Frequently Asked Questions
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Frequent misconceptions
Isn’t Bancor just a decentralized exchange?
Bancor is not an exchange. It is a protocol which allows for asynchronous price discovery and continuous liquidity. This means that converting a Smart Token™ does not require matching two parties in real time with opposite wants, rather, it can be completed by a single party directly through the token’s smart contract.

So, unlike exchanges where you have to find someone who actively wants to buy what you’re selling, Smart Tokens™ are always completely and immediately liquid regardless of trade volume. This enables a long tail of countless potential currencies that normally couldn’t achieve liquidity because their trading volume is too low or their use is too specialized. Smart Tokens™ built using the Bancor protocol form an interconnected monetary network that instantly facilitates any request to convert between tokens in the network.
If people start creating new tokens with less than 100% CRR isn’t this like allowing anyone to create their own money? Isn’t that a problem?
Money can be seen as a technology for collaboration. It works by distributing mutually agreed upon units of credit, and helping groups keep track of who did what for who and how much. Throughout history, there have been many methods in which the initial credit has been distributed (and removed from circulation.) Gold is distributed naturally, bank-notes are extended as loans, and cryptocurrencies are typically issued through crowdsales, PoW, and PoS mining.

By democratizing the creation of new, liquid tokens - a variety of policies can be implemented by different groups across different geographies, thus decentralizing the process by which new credit is extended, allowing for a diverse variety of value ecosystems.

This can be compared to the way the Internet is structured; while protocols are agreed upon (HTTP, TCP/IP, etc.), each network (e.g. ISP) may adopt a different business model, usage policies and backbone technologies.

A decentralized and interconnected monetary model can achieve higher agility, stability and access to credit, which we believe is not a problem, but a solution. We expect to see a tremendous amount of innovation and creativity, and most of all -- real value for end-users.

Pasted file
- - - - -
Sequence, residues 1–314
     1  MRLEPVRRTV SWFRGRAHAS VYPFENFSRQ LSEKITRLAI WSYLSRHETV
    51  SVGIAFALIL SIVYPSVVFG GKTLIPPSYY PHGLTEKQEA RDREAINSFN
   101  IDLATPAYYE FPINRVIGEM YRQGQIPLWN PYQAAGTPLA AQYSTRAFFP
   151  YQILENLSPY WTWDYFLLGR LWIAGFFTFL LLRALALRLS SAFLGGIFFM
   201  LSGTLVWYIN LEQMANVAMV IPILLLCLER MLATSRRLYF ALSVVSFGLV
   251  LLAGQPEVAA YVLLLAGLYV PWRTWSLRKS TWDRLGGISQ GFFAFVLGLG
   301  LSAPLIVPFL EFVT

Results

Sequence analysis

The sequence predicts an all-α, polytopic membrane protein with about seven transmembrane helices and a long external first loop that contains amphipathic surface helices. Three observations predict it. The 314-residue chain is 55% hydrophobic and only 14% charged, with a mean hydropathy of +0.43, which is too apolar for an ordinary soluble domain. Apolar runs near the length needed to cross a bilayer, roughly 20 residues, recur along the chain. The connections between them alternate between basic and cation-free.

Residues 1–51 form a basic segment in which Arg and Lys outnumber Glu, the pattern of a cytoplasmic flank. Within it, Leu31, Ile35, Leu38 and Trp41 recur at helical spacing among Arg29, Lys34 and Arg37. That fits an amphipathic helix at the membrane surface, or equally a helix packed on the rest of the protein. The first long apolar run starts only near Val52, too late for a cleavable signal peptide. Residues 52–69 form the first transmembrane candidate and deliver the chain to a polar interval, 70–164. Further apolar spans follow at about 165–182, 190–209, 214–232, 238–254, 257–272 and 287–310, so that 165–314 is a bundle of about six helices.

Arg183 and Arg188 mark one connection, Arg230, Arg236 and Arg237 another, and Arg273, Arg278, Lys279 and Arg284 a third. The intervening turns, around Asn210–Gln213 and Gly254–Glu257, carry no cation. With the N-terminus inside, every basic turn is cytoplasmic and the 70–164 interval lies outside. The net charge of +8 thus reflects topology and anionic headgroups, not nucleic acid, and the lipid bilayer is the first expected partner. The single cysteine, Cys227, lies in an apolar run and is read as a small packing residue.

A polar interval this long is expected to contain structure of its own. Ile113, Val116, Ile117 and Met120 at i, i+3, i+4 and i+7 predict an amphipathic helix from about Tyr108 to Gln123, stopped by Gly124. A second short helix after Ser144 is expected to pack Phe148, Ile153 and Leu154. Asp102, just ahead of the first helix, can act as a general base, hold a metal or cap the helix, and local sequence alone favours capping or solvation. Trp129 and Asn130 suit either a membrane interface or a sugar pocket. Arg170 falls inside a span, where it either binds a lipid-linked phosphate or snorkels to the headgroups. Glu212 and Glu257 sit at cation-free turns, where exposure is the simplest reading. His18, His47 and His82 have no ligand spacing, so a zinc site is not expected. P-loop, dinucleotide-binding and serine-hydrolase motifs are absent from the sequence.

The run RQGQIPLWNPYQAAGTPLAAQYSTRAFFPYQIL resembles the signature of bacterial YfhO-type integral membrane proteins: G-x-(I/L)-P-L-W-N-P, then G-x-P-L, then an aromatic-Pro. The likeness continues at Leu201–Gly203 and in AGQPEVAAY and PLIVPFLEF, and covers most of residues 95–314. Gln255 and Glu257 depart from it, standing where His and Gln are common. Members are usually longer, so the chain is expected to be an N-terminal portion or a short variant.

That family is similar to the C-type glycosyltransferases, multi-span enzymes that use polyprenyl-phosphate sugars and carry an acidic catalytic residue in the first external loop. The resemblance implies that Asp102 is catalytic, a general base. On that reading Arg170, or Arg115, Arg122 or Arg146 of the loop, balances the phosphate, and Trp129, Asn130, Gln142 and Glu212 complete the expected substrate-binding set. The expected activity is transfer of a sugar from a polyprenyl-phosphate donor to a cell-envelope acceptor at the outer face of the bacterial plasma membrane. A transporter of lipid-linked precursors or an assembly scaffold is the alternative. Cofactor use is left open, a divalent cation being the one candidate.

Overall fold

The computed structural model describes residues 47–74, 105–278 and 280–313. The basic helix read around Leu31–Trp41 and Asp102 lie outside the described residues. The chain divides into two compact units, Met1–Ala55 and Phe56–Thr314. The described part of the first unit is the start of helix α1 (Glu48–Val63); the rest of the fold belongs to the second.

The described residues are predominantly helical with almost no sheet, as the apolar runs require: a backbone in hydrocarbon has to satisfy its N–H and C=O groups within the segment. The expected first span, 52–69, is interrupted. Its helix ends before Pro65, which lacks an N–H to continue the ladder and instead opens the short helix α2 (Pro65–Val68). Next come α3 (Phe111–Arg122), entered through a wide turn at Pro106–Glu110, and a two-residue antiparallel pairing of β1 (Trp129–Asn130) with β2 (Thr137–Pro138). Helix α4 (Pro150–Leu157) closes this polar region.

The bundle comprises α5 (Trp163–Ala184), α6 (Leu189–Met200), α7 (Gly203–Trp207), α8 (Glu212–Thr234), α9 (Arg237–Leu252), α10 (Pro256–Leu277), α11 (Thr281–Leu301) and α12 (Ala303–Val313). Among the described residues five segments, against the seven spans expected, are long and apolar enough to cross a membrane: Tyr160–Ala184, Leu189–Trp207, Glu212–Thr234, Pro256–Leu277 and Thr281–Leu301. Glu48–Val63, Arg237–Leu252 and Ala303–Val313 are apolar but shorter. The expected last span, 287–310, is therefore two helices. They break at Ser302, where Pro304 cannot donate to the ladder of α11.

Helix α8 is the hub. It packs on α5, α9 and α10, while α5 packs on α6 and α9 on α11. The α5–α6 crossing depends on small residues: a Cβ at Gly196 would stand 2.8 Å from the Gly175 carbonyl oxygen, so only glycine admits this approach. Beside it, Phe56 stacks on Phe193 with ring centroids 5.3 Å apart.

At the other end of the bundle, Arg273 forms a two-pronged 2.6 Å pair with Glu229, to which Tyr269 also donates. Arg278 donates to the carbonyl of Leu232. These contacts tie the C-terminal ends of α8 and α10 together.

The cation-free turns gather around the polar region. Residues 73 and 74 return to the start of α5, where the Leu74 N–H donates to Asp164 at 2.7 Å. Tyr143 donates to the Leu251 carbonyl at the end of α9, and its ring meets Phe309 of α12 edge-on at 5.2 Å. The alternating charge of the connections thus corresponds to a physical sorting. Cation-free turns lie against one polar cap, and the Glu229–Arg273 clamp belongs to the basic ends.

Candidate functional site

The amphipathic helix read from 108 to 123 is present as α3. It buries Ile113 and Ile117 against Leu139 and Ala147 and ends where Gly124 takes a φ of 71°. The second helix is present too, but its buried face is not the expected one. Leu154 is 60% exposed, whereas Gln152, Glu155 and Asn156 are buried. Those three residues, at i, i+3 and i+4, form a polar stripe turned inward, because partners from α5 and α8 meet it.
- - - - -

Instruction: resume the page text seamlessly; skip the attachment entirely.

How can the market-cap of a Smart Token™ be higher than the total value of the reserves?
For tokens with a 100% total CRR (token changers and ETFs), the value of the Smart Token™ is equal to the value of its reserves.

However, for tokens with <100% CRR, the token’s value is greater than its reserve value. There are many examples of valuable user-generated currencies that hold no reserves, such as loyalty points (airline miles), local currencies (ithacash), and protocol tokens (Augur’s REP and GOLEM), and yet have a market cap or perceived value greater than 0. In all of these examples, new “credit” is issued, which is accepted by other parties in exchange for goods and services. The value of these currencies is derived from the willingness of other parties to accept them and not from any underlying assets.

The reserves held by Smart Tokens™ are a mechanism which enables them to provide continuous liquidity and asynchronous price discovery. Nevertheless, the token itself must be intrinsically valuable for whatever purpose it serves. The reserves are not the source of the Smart Token's™ value. Rather, they are a requirement to operate the mechanism which ensures their liquidity.
I’ve heard about tokens which are backed using a 150% or even 200% reserve, how could a 10% reserve be enough?
Some tokens are designed to be pegged to the value of external assets (such as TETHER), and in some implementations, these tokens use a > 100% reserve, combined with price oracles, as a mitigation strategy for the counterparty risk introduced by this model (aka “Stablecoins”).

The reason for holding > 100% reserves is that the value of the pegged asset (e.g. USD), might increase relative to the backing asset (e.g. ETH), in which case the reserve ratio is reduced, but as long as it is higher than 100%, the pegged token remains fully backed.

These types of tokens serve a very different purpose (representing external assets on blockchains while minimizing the counterparty risk.) In Bancor’s case, the reserve tokens serve as a mechanism to provide liquidity and price discovery, not as the backing of the Smart Token's™ value. Therefore Smart Token™ reserves can be set anywhere greater than 0% and up to 100%. This allows token creators to create new value while benefiting from continuous liquidity and automated price discovery, from day one, before the Smart Token™ has had a chance to accumulate trade volume, thus significantly lowering the barrier to liquidity and enabling the long tail of user-generated currencies to emerge.
Using a new model for price discovery sounds risky. Why do you think it will work?
When it comes down to it, the market price in both the traditional model and Bancor’s represent the equilibrium point between buyers and sellers at any given moment. In both models, a buyer’s market will drive prices up, while a sellers market will drive prices down. This common incentive alignment mechanism is the key for market price discovery and why we believe Bancor’s asynchronous price discovery model will function properly. What makes Bancor’s model different is that it doesn’t rely on trade volume for price discovery, but rather sets prices by maintaining a ratio between a reserve and the token’s supply, which can function effectively even at very low trade volumes.